What Constitutes Felony Assault?
Referred to as assault and battery in many states, or just assault or battery, assault is one of the most basic of all crimes. The typical definition of an assault is an unwanted violation of a person’s space. That allows some states to charge a person for assault as long as there has been a realistic threat of some type of attack. Assault can be charged as a misdemeanor, and the line between misdemeanor and felony assault is important to understand because of the significant difference between being charged with a felony as opposed to a misdemeanor.
Misdemeanor vs. felony. If you have been charged with misdemeanor assault, or assault and battery, the punishment cannot be more than a year in jail, a fine, or both. With felony assault, however, the punishment can be much more severe. A felony is punishable with a sentence of at least a year in prison, and depending on the circumstances of the crime, potentially a much longer time in prison. Additionally, misdemeanor sentences take place in local or county facilities that are closer to home for defendants and often do not house the most serious classes of criminals. A felony sentence, on the other hand, is fulfilled in a state facility that often is much farther from home and is designed to house individuals convicted of very serious crimes.
Classes of assault. Generally speaking, there are three types of assault. Simple assault is a misdemeanor and is something that causes a victim to legitimately fear for their safety. Assault and battery is not just the fear of an assault but involves an actual physical injury. Aggravated assault, which is a felony, involves serious harm. A common example to differentiate misdemeanor and felony assault is the distinction between a slap to the face and a punch that causes a broken jaw and other injuries. The slap will be considered a misdemeanor in many jurisdictions while the punch will often be pursued as aggravated assault, which is a felony.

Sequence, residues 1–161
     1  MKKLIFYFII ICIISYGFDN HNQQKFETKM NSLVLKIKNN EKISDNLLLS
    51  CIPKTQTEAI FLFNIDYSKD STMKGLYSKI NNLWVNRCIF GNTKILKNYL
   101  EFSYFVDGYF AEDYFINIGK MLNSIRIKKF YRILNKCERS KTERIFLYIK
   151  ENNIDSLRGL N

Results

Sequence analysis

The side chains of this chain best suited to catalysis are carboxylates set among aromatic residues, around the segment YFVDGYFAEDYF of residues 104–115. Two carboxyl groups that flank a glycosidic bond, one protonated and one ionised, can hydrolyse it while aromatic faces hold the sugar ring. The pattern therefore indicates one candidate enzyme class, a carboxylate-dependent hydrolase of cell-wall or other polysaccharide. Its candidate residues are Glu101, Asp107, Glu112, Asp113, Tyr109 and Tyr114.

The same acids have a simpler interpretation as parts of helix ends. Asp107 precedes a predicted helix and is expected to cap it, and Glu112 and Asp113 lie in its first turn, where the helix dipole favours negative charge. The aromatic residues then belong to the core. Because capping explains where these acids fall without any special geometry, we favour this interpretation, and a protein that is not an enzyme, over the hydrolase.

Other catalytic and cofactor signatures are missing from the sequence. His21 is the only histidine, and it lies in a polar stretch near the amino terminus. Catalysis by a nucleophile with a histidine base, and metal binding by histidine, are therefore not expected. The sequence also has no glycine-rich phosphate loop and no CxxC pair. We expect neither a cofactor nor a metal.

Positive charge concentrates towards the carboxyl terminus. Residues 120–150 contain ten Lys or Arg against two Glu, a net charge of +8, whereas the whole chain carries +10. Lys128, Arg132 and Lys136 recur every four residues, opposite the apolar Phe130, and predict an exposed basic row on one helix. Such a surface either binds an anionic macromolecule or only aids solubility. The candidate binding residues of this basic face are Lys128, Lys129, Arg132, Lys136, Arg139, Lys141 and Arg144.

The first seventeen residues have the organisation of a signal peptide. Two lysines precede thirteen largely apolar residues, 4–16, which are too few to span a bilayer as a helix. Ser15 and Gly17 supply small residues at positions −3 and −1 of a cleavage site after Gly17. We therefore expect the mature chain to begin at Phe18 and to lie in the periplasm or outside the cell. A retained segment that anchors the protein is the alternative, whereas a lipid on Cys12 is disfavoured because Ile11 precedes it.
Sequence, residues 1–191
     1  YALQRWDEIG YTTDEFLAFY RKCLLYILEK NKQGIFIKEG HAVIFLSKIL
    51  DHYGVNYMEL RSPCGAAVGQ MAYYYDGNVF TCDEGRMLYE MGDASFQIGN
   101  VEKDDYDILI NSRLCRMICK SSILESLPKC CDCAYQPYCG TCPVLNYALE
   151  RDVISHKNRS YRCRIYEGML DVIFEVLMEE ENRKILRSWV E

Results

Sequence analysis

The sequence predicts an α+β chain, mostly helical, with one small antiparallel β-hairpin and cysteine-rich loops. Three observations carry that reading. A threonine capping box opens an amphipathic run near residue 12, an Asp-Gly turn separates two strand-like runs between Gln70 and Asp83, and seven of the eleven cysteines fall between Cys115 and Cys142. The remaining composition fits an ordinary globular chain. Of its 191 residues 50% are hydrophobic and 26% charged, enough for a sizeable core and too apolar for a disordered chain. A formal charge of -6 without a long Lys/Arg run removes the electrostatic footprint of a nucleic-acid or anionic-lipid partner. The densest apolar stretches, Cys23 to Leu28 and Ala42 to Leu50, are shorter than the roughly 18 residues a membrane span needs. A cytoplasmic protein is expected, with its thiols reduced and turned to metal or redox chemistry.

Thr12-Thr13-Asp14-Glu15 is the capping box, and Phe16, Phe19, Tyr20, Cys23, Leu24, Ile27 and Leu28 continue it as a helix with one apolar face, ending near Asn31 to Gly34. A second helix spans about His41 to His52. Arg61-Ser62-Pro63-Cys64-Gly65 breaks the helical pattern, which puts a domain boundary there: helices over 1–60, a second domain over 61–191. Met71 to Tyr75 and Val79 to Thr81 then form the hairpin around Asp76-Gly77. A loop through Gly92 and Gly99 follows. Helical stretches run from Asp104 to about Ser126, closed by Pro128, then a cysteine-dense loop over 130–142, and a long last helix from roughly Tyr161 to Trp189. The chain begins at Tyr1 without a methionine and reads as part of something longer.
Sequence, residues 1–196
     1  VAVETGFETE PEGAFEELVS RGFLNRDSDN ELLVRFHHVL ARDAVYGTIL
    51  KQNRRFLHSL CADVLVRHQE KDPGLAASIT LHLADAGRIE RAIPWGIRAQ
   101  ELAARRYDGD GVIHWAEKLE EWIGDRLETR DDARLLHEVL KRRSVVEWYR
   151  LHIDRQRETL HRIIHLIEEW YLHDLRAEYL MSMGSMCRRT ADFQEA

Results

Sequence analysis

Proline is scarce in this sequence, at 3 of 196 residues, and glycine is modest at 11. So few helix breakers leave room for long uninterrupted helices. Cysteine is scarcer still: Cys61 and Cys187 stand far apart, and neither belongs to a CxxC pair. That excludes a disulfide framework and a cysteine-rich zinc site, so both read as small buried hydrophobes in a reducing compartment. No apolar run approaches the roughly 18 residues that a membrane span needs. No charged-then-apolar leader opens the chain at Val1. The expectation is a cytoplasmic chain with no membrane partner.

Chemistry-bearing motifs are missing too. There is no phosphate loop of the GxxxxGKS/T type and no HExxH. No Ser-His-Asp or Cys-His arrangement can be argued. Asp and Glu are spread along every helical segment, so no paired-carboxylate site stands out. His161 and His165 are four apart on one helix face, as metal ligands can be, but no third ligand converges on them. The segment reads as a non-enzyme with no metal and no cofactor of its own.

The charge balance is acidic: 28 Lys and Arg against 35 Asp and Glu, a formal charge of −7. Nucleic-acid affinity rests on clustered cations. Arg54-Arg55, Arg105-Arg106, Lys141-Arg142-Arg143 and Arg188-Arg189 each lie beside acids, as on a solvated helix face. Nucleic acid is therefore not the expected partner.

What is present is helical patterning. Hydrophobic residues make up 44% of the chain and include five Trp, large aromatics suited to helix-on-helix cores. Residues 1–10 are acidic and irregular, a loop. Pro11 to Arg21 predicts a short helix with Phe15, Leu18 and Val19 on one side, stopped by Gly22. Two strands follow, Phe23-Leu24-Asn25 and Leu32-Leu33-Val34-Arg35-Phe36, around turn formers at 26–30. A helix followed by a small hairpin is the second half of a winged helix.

Elements of felony assault. In general, a prosecutor must prove the crime of felony assault involved intent – although extremely reckless behavior is sufficient in some states. There must be a weapon, and many states require that the weapon by a potentially deadly weapon. Finally, felony assault must include a physical injury. Few states will allow mental trauma or stress to qualify in a felony assault case. An experienced criminal defense attorney will try to show no intent was involved, perhaps because the physical contact was accidental. Self-defense also is a common defense to felony assault.
Sentencing for felony assault. This will vary from state to state. In California, the sentencing range is 16 months to 3 years, along with a fine of up to $2,000. Any aggravating circumstances – such as prior criminal convictions – can also enhance the standard penalty for felony assault. In Ohio, there is a distinction between second-degree assault and aggravated assault. Both are felonies, but aggravated assault recognizes a situation in which physical harm is committed in a sudden fit or rage. The punishment is 18 months to 6 years in prison and a fine of up to $5,000. Second-degree assault is punishable by 2 to 8 years in prison and a fine of up to $20,000. A criminal defense attorney can be invaluable because of his or her understanding of what types of plea agreements or deal prosecutors will accept in various cases.